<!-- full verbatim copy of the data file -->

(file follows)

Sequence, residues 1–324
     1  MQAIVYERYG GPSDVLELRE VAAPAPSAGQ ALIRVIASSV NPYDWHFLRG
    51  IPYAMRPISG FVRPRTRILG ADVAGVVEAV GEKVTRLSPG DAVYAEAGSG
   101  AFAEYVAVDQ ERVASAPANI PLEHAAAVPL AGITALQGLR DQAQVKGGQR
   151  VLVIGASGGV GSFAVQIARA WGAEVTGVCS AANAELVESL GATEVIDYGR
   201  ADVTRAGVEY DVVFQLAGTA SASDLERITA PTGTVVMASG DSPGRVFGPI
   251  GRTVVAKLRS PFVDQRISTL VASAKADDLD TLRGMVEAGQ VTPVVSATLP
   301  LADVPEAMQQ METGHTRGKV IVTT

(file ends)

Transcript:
Sequence, residues 1–324
     1  MQAIVYERYG GPSDVLELRE VAAPAPSAGQ ALIRVIASSV NPYDWHFLRG
    51  IPYAMRPISG FVRPRTRILG ADVAGVVEAV GEKVTRLSPG DAVYAEAGSG
   101  AFAEYVAVDQ ERVASAPANI PLEHAAAVPL AGITALQGLR DQAQVKGGQR
   151  VLVIGASGGV GSFAVQIARA WGAEVTGVCS AANAELVESL GATEVIDYGR
   201  ADVTRAGVEY DVVFQLAGTA SASDLERITA PTGTVVMASG DSPGRVFGPI
   251  GRTVVAKLRS PFVDQRISTL VASAKADDLD TLRGMVEAGQ VTPVVSATLP
   301  LADVPEAMQQ METGHTRGKV IVTT